A (k,d)-multigrade is a diophantine equation of the form $\displaystyle \sum_1^d m_i^j=\sum_1^d n_i^j$, that is valid for all powers $\displaystyle j=1,2,...k$. We can call k, the highest valid exponent, the "level" and d, the dimension of each vector $\displaystyle \vec{m},\vec{n}$ the "order." Consider altering the multigrade by another vector $\displaystyle \vec{a}$ as such: $\displaystyle \sum_1^d a_im_i^j=\sum_1^d a_in_i^j$, provided $\displaystyle m_i<m_{i+1},n_i<n_{i+1}$ for all i. In another thread, Wonderboy1953 conjectured that for the vector $\displaystyle \vec{a}=\{1,2,3,...,d\}$, no multigrade exists such that its altered version holds on any level greater than 2. That is, given a (k,d)-multigrade $\displaystyle \vec{m},\vec{n}$, $\displaystyle \sum_1^d i(m_i^3-n_i^3)\neq 0$. This is equivalent to the following formulation using matrices...

Find two vectors $\displaystyle \vec{m},\vec{n}$,

Define $\displaystyle M=\begin{bmatrix} 1 & 1 & ... & 1 \\ m_1+n_1 & m_2+n_2 & ... & m_d+n_d \\ m_1^2+m_1n_1+n_1^2 & m_2^2+m_2n_2+n_2^2 & ... & m_d^2+m_dn_d+n_d^2 \end{bmatrix}$

Define $\displaystyle A=\begin{bmatrix}m_1-n_1 & m_2-n_2 & ... & m_d-n_d\end{bmatrix}$ and $\displaystyle B=\begin{bmatrix}a_1(m_1-n_1) & a_2(m_2-n_2) & ... & a_d(m_d-n_d)\end{bmatrix}$

Such that $\displaystyle MA^T=MB^T=\vec{0}$. In general, A and B are independent of each other, so the nullspace of matrix M has at least dimension 2, requiring $\displaystyle d\geq5$.

In search of a counterexample, I have verified that when $\displaystyle \vec{a}=\{1,2,3,4,5\}$, no d=5 solutions exist for vectors $\displaystyle \vec{m},\vec{n}$ with components less than 50. Is anyone interested in pursuing a general proof?

2. Originally Posted by Media_Man
A (k,d)-multigrade is a diophantine equation of the form $\displaystyle \sum_1^d m_i^j=\sum_1^d n_i^j$, that is valid for all powers $\displaystyle j=1,2,...k$. We can call k, the highest valid exponent, the "level" and d, the dimension of each vector $\displaystyle \vec{m},\vec{n}$ the "order." Consider altering the multigrade by another vector $\displaystyle \vec{a}$ as such: $\displaystyle \sum_1^d a_im_i^j=\sum_1^d a_in_i^j$, provided $\displaystyle m_i<m_{i+1},n_i<n_{i+1}$ for all i. In another thread, Wonderboy1953 conjectured that for the vector $\displaystyle \vec{a}=\{1,2,3,...,d\}$, no multigrade exists such that its altered version holds on any level greater than 2. That is, given a (k,d)-multigrade $\displaystyle \vec{m},\vec{n}$, $\displaystyle \sum_1^d i(m_i^3-n_i^3)\neq 0$. This is equivalent to the following formulation using matrices...

Find two vectors $\displaystyle \vec{m},\vec{n}$,

Define $\displaystyle M=\begin{bmatrix} 1 & 1 & ... & 1 \\ m_1+n_1 & m_2+n_2 & ... & m_d+n_d \\ m_1^2+m_1n_1+n_1^2 & m_2^2+m_2n_2+n_2^2 & ... & m_d^2+m_dn_d+n_d^2 \end{bmatrix}$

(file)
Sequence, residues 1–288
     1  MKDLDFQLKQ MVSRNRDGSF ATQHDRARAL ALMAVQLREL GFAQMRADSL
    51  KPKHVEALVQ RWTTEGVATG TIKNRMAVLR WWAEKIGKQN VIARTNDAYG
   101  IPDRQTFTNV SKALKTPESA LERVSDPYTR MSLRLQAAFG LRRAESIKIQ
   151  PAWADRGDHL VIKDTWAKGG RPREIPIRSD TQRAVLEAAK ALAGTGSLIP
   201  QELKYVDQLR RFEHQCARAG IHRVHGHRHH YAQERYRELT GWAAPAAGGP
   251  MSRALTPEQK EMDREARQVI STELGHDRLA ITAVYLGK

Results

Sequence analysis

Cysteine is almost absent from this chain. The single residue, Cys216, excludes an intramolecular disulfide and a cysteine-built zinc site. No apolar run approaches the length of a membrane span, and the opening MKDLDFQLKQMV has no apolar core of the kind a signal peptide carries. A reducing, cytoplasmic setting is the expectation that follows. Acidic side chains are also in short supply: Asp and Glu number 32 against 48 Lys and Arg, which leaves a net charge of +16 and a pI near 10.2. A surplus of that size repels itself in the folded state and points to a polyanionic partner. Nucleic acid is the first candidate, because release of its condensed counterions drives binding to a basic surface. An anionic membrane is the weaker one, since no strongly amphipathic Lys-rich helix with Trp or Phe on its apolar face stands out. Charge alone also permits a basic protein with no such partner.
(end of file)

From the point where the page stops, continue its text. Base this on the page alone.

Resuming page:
Define $\displaystyle A=\begin{bmatrix}m_1-n_1 & m_2-n_2 & ... & m_d-n_d\end{bmatrix}$ and $\displaystyle B=\begin{bmatrix}a_1(m_1-n_1) & a_2(m_2-n_2) & ... & a_d(m_d-n_d)\end{bmatrix}$

Such that $\displaystyle MA^T=MB^T=\vec{0}$. In general, A and B are independent of each other, so the nullspace of matrix M has at least dimension 2, requiring $\displaystyle d\geq5$.

In search of a counterexample, I have verified that when $\displaystyle \vec{a}=\{1,2,3,4,5\}$, no d=5 solutions exist for vectors $\displaystyle \vec{m},\vec{n}$ with components less than 40. Is anyone interested in pursuing a general proof?

Damn, now I understand what was this about! It looks interesting and now I can see why wonderboy was asking about some relation with FLT, which I can see now.
I've no idea about this stuff, but I might be getting a little wet in it in the future.

Tonio

3. ## Media_Man

My library won't let me email you (something about an Outlook Express problem). Sorry.

4. ## d=5 solved

Wonderboy, etc:

Previously I used matrices to prove your conjecture is true for all multigrades up to order 4. I have just managed to prove the conjecture also holds for all order 5 multigrades as well. The proof is quite long and involves proving that the roots of a cubic polynomial are always zero. As you know, the general formula for cubic roots is ridiculously complicated, making a direct proof impossible, but I was able to find a shortcut that allowed me to reduce it to a quadratic.

I will post the proof shortly. In the meantime, anyone interested in this problem should know that if a counterexample exists, it must have at least six variables on either side of the equation (with no two variables on opposite sides equal, causing trivial cancellation). This substantially increases the space of candidate solutions (to $\displaystyle \mathbb{R}^{12}$), rendering computer aid virtually useless in searching for counterexamples.

As a side note, none of my proofs so far require solutions in integers. Therefore, a more general form may be true for all real numbers. I shall formally write up my two proofs, before tackling the d=6 case.

-- Media_(is_the_)Man

5. ## Comment

Thank you Media_Man for following up on this. I've anticipated that disproving by counterexample through the computer may not be fruitful. A mathematical proof for, or against, is what's needed here.